The debate among the Australian cricket fraternity about how to expand the Big Bash League has come with a familiar echo here: "get a New Zealand team into the competition".
Competitions like the BBL and the Indian Premier League are revolutionising how people want to watch the game. Those are not 2017 presidential inauguration crowd numbers we see across the Tasman or in India; they're real. To a lesser extent, that also happened with the McDonald's Super Smash. People rolled through the turnstiles at boutique grounds, particularly on weekend afternoons.
This writer loves watching test cricket most, but purists are fast drifting into the minority, if they haven't arrived. The value and impact of T20 cricket must be treated with sincerity. It has influenced the test game more than vice versa, hence the added debate about whether we should revert to four-day tests.
New Zealand Cricket will want to gain as much goodwill as possible from such extravaganzas, but without detracting from a local game which can struggle to captivate a public with more avenues for both their disposable income and their time than past generations.
Logic says not to go down the solitary-franchise-in-an-Australian-competition road because it risks decimating your domestic pathways. Local rugby league, basketball and football leagues all battle for recognition with the rise of the Warriors, Breakers and Phoenix.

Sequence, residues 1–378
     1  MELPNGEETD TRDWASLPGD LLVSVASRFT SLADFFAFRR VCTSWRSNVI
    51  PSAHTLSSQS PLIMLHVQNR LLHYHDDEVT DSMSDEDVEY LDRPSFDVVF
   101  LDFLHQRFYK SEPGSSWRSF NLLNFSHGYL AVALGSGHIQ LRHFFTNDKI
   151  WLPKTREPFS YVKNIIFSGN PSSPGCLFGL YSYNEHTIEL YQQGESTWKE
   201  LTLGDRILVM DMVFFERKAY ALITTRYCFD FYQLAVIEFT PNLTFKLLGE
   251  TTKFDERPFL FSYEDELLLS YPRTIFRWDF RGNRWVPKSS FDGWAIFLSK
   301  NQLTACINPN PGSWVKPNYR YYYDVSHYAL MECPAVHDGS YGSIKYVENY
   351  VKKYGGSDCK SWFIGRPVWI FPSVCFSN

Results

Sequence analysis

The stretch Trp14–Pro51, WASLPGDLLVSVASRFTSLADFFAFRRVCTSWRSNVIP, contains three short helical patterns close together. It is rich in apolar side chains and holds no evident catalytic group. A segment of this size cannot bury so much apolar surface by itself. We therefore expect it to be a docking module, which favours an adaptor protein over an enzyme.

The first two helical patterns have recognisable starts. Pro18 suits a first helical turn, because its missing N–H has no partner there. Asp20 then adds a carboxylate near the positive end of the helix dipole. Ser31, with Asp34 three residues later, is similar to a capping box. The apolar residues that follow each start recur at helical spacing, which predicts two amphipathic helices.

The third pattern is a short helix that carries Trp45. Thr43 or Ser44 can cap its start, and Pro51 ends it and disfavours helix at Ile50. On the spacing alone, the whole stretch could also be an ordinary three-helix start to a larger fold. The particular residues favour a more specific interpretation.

NZC need a top-performing Black Caps team to draw sponsors and television rights as revenue streams to help fund development programmes and competitions.
A suitable compromise for players and administrators is the issuing of no-objection certificates (granted in most instances) to play in global T20 leagues. The current calendar suggests quality New Zealand short-form players could eschew nationalism in favour of a decent living travelling the world.
However, unlike the relationship between several West Indian players and their board, a level of respect has built in New Zealand which recognises NZC's role in nurturing players to be competitive on the world stage. The governing body was recently lauded by former captain Brendon McCullum for their flexibility, but still need to be vigilant with the burgeoning nature of such competitions.
The proposal by Cricket New South Wales that BBL games could be taken into New Zealand, China, Hong Kong and Singapore further endorses the NZC mindset. Grow the pie of people loving the game rather than risking cannibalisation, although it does risk eating into people's spending money; and Super Smash sponsors might baulk that a focus on BBL games dilutes their own investment.
A development might be a couple of seasons away but it seems inevitable if the competition keeps growing. NZC will want to be proactive, swimming with rather than against the tide of commercial forces.